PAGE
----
Exercise for Healthy Aging: Flexibility

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Flexibility (stretching)

Stretching makes every movement easier! Stretching helps you develop and maintain your flexibility and release muscular tension. Start with exercises adapted to your physical condition. As your flexibility grows, you can gradually increase the difficulty or duration of your exercises. You should always stretch out the muscles you worked during your strength exercises. If stretching exercises are the only exercises you do, start with two or three minutes of warm up, such as walking in place. You should never feel pain when stretching; discomfort perhaps, but pain no! Stretching should be done without pain, and you should concentrate on your breathing. Maintain a slight bend at the joints to avoid hyperextension. For a complete series of stretches, start with your head and upper body, and move down to your leg muscles.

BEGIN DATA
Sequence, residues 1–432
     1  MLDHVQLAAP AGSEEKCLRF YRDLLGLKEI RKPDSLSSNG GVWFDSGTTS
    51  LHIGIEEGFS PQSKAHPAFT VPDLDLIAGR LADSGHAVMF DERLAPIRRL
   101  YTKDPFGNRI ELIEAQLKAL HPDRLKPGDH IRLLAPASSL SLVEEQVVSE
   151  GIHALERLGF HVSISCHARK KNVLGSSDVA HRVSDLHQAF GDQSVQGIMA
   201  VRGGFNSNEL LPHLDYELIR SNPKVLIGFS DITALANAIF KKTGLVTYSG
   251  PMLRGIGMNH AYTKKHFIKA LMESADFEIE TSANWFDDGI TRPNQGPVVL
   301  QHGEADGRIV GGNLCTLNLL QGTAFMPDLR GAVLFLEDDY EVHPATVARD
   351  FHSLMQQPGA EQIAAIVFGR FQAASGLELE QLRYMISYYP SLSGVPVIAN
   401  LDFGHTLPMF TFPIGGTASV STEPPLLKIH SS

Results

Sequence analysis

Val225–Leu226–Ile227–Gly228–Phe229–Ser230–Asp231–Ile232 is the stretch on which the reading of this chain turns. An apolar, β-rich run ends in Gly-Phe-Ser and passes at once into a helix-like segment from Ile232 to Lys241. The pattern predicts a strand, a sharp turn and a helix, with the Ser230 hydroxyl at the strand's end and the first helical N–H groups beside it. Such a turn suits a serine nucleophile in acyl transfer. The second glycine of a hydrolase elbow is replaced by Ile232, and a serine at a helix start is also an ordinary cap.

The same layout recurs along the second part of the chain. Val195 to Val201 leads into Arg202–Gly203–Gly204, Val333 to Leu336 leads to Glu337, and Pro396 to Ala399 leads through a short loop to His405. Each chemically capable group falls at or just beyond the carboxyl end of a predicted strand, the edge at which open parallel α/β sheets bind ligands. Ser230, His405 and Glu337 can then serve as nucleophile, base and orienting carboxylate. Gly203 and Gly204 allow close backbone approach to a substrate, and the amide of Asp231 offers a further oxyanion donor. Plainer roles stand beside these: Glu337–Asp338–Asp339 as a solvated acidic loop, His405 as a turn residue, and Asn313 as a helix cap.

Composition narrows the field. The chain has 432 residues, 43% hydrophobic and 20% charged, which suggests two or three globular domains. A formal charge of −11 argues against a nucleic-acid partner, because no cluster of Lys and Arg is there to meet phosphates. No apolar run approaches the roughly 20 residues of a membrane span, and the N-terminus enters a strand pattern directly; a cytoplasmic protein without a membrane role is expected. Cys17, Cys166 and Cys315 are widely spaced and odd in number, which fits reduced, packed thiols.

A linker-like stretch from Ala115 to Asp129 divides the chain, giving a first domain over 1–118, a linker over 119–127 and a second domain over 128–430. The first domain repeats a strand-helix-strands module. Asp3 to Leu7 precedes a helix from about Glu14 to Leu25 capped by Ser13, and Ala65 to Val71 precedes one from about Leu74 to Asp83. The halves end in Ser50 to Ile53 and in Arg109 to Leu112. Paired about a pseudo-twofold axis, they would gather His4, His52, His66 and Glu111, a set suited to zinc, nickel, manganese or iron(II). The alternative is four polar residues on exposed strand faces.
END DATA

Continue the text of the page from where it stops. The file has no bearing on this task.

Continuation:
Frequency and duration

If you are not doing strength exercises, you can stretch at least 3 times a week for 20 minutes, but make sure to warm up first by doing two or three minutes of walking (in place or otherwise). Each stretching exercise should be repeated 3 to 5 times. Stretch slowly and hold your position for 10 to 30 seconds. Release and repeat.

A few examples of flexibility exercises

  • Stretching
  • Yoga
  • Bowling
  • Qi Gong and Tai Chi

Qi Gong (pronounced "tchikong") and Tai Chi are disciplines based on Chinese philosophy that originate over 7,000 years ago. Combining movements, poses, breathing exercises and meditation, these two disciplines are beneficial for anyone who practices them, particularly people who suffer from chronic illnesses and older people who are in fragile health or with reduced mobility.

Among the benefits of Qi Gong and Tai Chi:

  • Reduced hypertension 
  • Reduced stress, anxiety and depression
  • Reduced fear of falling
  • Improved immune system
  • Improved quality of life in general
  • Improved flexibility

Next: Resources, Links and Glossary


We are pleased to house this series of FAQs supervised by Cara Tannenbaum, from the Centre de recherche de l’Institut universitaire de gériatrie de Montréal.

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